You just feel so bad for mother from the opening scene. She wakes up alone, wanders around the quiet house by herself, she provides for everybody as they invade her home, never gets any thanks, nor anybody’s consent. It’s Jennifer Lawrence’s performance that really sells it. She’s just so sweet and well-meaning that you can’t help but empathize with her, especially when all she wants from people is to just respect her home. Nobody cares about the hospitality she has to offer, nor of her sweet and initially forgiving demeanor. All they care about is Him and his amazing work, and all they want to do is be close to him, although they are destroying everything around them. As the film progresses, it gets to the point where the mansion is filled with hundreds of people. First, they’re just partying, but then it leads to all out chaos with rioting, prison camps, and mass executions. During the climax, I was feeling exactly like mother; just in complete despair, never being able to escape the madness around her. It’s like a terrible nightmare that you can never wake up from. 

It’s a lot more than just a bunch of religious allegories, but plenty of human conflicts as well. This isn’t just a story to how blindly people will devote themselves to a supreme being, but how obsessed people can get when they experience art that speak to them. Whether it’s something religious or not, anybody can find something to obsess over, and project themselves onto somebody greater than them.  It’s also a story about ego and creativity, two big things a lot of deities are known for.  Javier Bardem is the epitome of God; he’s charming and soothing, but can snap and make you feel his wrath at any second. The relationship he has with mother is intense and heartbreaking, where can never compromise with her, unless it benefits him in some way. When people arrive to Him’s house and heap massive amounts of praise on Him, he can’t get enough of it and wants more and more. Although they’re destroying everything he created, his ego is too much. He knows that him helping people forms a bond and connection with him that they wouldn’t have had before. What’s great is that you could obviously look at it as God’s point of view, but also just as an artist’s point of view: a lot of artists want to be loved, and are only able to get validation through their creation.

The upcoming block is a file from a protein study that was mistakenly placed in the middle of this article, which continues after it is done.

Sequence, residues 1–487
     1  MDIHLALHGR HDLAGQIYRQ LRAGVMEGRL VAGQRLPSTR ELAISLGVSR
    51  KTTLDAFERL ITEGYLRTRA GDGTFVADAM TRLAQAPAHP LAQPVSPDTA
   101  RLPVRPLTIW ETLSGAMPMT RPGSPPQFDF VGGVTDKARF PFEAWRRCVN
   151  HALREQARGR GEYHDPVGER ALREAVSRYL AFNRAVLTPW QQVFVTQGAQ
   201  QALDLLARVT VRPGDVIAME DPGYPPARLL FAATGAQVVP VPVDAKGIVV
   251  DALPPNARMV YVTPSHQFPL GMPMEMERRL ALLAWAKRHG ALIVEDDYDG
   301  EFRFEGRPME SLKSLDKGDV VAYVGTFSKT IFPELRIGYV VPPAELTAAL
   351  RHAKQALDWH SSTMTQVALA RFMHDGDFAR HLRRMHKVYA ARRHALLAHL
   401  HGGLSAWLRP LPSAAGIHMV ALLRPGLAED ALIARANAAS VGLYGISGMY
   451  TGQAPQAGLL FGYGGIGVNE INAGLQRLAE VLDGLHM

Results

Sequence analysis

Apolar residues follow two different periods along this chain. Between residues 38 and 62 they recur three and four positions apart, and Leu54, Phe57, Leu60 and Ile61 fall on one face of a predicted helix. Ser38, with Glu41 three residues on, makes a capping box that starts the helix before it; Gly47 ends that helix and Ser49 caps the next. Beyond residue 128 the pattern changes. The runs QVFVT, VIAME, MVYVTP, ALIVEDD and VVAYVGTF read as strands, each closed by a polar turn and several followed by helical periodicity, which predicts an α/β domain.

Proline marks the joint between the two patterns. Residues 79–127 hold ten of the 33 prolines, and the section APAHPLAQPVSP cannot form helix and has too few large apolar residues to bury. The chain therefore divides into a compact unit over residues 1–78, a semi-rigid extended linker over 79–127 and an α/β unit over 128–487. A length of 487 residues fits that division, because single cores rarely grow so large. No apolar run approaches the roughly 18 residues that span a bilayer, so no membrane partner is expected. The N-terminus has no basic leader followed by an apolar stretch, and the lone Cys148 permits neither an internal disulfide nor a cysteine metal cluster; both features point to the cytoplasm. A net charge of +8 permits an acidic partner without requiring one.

Yes, it’s all very obvious what Aronofsky was trying to go for mother!. Mother nature is inherently good, while man is inherently bad. We don’t care what we destroy, as long as we’re happy and comfortable for the time being. Do you get it? Aronofsky certainly makes sure you do by the end, but for me, there’s still a lot more to it. It’s a harrowing tale of a broken relationship that can never be fixed. It’s a haunting exploration on creation, ego, and fame. It’s a neverending nightmare that exploits all of our worst fears and anxieties. Above all, though, it’s this symbolic retelling of The Bible through a psychological horror lens that really elevates the events and made it that much more fascinating to me. We’re not just watching a poor woman lose her mind as everything crumbles around her, but watching the destruction of the Earth itself as humans destroy it through greed and hubris. Is it pretentious? Absolutely. Is the message a little myopic? Well, more than a little. But is it also one of the most intense, bizarre, well-acted, technically well-crafted, and engrossing films I’ve seen all year? Oh, you bet.